An Assembly panel today cleared the way for legislation to enable residents to text 911 in an emergency. The bill was sponsored by Assembly Democrats Herb Conaway, Daniel Benson, Nancy Pinkin and Assembly Republican Conference Leader David Rible.
The sponsors said the ability to text 9-1-1 will be a vital service for New Jersey residents with communication disabilities and in emergencies where an individual is unable to talk or must be discrete.
“Some emergency situations require a less obvious call for help,” said Conaway (D-Burlington). “It can be especially vital in domestic violence situations, or situations involving children and seniors. Expanding existing law to include the option to text 9-1-1 will protect more residents in more emergency situations.”
The bill requires 911 service facilities to be equipped with system for processing requests for emergency services sent via text message. Under the bill, 911 service facilities to be equipped with enhanced 911 systems approved by the Office of Emergency Telecommunications Services for the processing of requests for emergency services sent via text message within three years following the enactment of this bill.
“Almost everyone communicates by text these days,” said Benson (D-Mercer, Middlesex). “It makes sense that a person should also be able to text for help too. This will also help those with speech and other communication disabilities to more easily access these life saving services.”
“Enacting this legislation would allow for more lives to be saved,” said Pinkin (D-Middlesex). “9-1-1 systems must adapt to current trends in order to be the most effective in emergencies.”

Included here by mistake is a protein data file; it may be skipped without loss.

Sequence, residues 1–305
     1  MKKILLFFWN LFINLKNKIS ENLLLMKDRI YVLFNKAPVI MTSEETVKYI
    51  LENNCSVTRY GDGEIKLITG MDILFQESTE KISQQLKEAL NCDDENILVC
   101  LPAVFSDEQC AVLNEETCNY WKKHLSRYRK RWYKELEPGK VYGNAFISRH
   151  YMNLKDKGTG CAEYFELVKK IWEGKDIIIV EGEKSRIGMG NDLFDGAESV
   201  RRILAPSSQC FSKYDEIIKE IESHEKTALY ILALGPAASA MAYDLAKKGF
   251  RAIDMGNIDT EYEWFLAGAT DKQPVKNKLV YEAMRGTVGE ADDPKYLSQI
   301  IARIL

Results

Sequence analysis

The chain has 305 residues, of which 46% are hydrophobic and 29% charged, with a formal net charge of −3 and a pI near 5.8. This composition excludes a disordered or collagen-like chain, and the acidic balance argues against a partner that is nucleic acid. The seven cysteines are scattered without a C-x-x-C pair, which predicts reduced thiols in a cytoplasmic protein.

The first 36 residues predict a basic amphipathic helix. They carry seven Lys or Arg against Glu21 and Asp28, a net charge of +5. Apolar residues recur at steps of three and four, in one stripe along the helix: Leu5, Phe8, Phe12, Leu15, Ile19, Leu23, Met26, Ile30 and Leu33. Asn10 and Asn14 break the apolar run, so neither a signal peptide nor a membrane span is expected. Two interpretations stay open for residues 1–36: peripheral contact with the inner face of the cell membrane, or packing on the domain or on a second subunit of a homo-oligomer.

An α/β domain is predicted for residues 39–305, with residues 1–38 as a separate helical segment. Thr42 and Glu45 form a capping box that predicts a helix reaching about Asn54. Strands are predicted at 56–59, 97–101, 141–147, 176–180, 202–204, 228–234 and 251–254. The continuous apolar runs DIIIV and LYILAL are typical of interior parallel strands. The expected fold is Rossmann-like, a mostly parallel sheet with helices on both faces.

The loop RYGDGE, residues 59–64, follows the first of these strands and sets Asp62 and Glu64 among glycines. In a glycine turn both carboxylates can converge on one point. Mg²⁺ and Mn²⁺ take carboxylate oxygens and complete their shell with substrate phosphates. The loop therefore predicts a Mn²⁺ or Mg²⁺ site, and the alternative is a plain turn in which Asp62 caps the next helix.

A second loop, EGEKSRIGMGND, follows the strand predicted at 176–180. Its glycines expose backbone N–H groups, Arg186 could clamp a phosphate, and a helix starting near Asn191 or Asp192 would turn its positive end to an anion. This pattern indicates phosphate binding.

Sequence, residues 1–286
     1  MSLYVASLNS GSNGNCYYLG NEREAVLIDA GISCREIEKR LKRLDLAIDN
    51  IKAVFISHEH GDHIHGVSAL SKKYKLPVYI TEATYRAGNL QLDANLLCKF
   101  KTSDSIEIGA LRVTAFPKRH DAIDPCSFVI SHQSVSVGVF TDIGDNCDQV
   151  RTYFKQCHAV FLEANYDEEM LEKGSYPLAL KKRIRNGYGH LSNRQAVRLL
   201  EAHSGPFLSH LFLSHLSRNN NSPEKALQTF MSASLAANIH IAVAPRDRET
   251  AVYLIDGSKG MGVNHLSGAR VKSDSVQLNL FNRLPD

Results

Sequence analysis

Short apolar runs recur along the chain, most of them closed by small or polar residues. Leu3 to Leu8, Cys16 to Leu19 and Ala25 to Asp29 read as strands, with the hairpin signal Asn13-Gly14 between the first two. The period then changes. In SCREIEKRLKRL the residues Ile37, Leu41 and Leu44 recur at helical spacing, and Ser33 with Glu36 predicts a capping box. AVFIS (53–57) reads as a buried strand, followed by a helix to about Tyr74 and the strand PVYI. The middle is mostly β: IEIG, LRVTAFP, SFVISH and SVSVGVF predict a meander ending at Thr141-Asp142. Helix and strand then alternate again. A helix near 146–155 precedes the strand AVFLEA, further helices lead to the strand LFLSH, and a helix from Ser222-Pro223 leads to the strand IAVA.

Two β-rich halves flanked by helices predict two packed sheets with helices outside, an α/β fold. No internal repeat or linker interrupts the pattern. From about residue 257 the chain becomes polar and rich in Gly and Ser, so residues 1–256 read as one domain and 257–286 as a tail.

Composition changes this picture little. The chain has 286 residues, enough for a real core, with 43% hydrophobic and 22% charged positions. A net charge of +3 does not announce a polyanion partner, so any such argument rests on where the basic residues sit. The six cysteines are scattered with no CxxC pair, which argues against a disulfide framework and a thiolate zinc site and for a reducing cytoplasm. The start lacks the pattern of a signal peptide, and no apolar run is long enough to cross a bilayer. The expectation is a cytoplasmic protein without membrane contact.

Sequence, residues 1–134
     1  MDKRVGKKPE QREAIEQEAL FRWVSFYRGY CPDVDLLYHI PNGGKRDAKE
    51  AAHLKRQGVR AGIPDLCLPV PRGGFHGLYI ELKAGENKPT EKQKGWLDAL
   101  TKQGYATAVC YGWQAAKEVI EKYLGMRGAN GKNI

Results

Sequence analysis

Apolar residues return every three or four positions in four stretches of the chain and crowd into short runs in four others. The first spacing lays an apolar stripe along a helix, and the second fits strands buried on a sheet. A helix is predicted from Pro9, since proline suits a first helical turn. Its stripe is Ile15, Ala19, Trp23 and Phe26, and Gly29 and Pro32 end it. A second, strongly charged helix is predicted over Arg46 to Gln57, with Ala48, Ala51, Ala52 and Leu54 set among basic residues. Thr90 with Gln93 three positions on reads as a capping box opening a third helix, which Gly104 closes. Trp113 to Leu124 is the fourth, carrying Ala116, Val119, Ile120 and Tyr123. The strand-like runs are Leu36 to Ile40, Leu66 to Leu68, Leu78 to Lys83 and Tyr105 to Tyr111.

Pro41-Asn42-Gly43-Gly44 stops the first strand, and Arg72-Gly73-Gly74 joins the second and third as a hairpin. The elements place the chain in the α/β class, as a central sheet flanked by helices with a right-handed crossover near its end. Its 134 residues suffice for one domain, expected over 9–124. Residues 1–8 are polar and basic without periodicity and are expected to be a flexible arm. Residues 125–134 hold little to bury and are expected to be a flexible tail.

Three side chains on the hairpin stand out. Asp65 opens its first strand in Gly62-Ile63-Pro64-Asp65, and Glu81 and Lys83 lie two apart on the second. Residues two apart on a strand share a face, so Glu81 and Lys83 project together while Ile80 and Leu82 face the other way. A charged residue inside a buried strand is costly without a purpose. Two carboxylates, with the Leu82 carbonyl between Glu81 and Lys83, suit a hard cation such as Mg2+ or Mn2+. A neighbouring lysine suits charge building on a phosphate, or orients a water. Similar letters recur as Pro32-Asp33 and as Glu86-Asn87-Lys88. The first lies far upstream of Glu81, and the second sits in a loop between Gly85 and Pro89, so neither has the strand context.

“Time is crucial in an emergency. A matter of minutes can mean the difference between life and death,” said Rible, R-Monmouth and Ocean, a former police officer. “With so many people today owning cell phones, it’s only logical that 9-1-1 centers should be equipped to handle emergency texts. If an intruder is in your house, texting for help is probably the safest means of notifying emergency personnel of your situation.”
The bill provides that the 911 System and Emergency response Fee is to increase by 10 percent to equip 911 service facilities with the ability to process requests for emergency services sent via text message. The fee increase is to expire after a period of three years following the enactment of the bill.
Currently, the 911 System and Emergency Response Fee, which is used to fund the 911 system, is a $.90 monthly fee imposed on mobile service customers and telephone company customers in this state. This bill increases the monthly fee to $.99.
The bill was released by the Assembly Appropriations Committee.